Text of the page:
On Friday, the New York Times hosted a roundtable discussion with Harold Holzer, Jonathan Alter, and Ted Sorensen. It was a beautiful, cold day looking over the Hudson River from the 15th floor. The panelists discussed how Abraham Lincoln, Franklin D. Roosevelt, and John F. Kennedy dealt with crisis and war during their presidencies. (Christie’s also displayed the original copy of Lincoln’s victory speech of November 10, 1864, which can be yours for $3-4 million. The text of the speech itself is free.)
Jonathan Alter trucked out the famous Oliver Wendell Holmes quip that FDR had a “second-class intellect, but a first-class temperament.” After observing that Barack Obama has a “first-class intellect,” he noted that Obama’s temperament, in the face of our current crises, is as yet untested. ”All presidents are blind dates,” Alter said, which got a laugh from the audience of jaded reporters and ad-salesmen.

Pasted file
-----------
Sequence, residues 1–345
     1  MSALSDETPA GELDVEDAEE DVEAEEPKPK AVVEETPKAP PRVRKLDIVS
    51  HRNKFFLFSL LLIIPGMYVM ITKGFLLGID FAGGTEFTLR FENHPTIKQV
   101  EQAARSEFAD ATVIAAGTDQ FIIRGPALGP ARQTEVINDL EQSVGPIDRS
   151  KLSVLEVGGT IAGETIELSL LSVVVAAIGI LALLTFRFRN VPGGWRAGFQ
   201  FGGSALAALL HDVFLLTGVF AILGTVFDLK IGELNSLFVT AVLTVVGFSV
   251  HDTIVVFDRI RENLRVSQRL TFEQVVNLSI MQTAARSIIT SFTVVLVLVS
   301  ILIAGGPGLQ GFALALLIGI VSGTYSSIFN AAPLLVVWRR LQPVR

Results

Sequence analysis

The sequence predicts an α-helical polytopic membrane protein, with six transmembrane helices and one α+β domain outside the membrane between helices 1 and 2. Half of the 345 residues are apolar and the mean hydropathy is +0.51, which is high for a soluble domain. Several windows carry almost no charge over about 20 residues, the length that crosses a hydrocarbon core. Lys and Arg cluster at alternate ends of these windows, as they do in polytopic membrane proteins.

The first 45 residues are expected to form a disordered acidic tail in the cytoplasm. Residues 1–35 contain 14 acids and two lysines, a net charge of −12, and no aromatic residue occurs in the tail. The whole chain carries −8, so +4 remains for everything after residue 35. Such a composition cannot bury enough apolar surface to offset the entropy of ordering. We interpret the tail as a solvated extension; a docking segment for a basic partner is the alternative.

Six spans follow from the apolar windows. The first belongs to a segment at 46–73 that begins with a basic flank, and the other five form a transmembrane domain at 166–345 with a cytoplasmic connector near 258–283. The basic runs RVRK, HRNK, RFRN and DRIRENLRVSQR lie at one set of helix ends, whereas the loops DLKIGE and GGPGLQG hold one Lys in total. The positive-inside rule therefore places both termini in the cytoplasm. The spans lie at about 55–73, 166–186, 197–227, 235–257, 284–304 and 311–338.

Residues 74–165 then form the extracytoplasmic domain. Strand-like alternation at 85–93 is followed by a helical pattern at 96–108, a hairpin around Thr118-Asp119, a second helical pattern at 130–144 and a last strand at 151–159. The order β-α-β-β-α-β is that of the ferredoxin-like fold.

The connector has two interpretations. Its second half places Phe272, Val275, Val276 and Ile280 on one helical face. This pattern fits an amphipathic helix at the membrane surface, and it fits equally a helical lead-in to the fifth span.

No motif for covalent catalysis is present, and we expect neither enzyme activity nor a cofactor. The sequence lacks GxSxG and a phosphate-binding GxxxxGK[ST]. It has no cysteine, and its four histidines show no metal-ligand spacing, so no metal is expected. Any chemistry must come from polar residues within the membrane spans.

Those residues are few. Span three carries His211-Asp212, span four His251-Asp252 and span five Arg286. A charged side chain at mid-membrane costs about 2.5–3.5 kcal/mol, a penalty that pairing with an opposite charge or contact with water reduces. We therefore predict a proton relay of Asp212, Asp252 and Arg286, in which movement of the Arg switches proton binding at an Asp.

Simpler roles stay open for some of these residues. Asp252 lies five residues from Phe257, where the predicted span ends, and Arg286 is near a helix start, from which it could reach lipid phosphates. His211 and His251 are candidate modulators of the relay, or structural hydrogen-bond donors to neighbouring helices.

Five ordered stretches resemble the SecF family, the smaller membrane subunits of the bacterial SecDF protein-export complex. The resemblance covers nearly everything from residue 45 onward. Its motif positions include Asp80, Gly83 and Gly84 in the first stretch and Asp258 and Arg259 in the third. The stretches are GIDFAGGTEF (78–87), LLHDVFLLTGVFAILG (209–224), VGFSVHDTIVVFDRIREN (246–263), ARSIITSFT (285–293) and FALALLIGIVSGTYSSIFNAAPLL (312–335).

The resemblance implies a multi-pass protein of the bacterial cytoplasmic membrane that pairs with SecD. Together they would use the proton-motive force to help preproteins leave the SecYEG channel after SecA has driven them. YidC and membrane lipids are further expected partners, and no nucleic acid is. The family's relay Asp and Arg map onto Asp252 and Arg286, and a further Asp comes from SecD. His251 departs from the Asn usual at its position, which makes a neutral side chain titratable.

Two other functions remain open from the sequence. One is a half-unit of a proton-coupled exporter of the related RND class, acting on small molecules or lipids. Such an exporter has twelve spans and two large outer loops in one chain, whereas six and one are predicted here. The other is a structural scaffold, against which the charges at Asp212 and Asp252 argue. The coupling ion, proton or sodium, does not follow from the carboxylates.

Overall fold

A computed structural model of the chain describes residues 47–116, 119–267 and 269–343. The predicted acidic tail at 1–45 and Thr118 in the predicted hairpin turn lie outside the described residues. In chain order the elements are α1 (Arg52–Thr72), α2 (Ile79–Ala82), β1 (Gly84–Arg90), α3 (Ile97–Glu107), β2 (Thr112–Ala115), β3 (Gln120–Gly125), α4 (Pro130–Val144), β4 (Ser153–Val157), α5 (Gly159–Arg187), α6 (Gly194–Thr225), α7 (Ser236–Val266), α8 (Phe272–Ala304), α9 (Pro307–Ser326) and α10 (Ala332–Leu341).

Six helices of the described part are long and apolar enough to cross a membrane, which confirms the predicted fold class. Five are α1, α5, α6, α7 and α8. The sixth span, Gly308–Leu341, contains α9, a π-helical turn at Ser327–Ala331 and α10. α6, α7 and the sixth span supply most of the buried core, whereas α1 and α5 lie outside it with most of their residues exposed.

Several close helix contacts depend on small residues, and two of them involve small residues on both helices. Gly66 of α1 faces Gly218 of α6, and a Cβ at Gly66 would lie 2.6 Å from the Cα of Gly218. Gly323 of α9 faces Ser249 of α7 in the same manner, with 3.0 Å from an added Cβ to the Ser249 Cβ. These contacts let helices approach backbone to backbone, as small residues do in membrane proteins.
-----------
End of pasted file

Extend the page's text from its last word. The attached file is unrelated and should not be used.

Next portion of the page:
Now, the idea of a date with Obama sounds like something Amber Lee Ettinger would say. She just couldn’t wait for 2008. But 2008 was just an election—now it’s 2009, and the guy’s got to run the country. Alter’s comment calls to mind this interesting New Yorker article by Malcolm Gladwell on the difficulty of predicting who will be a good professional quarterback or public school teacher. The same is true of picking an elected leader. Can Obama keep his cool even when the pocket starts to close in?
The electorate’s expectations for Obama are pretty high. Obama ran an impressive campaign in 2008, which is a pretty grueling executive responsibility in and of itself. So there’s every reason to think that the temperament of “No-Drama Obama” will suit the country just fine. On the other hand, the United States faces some pretty big challenges—and Obama can’t overcome them all with just, well, temperament.
The NYT chose three panelists who had written about Lincoln, FDR, and JFK. The take-away theme was: history gives us reason to hope. But then again, they cherry-picked three pretty good presidents for the discussion.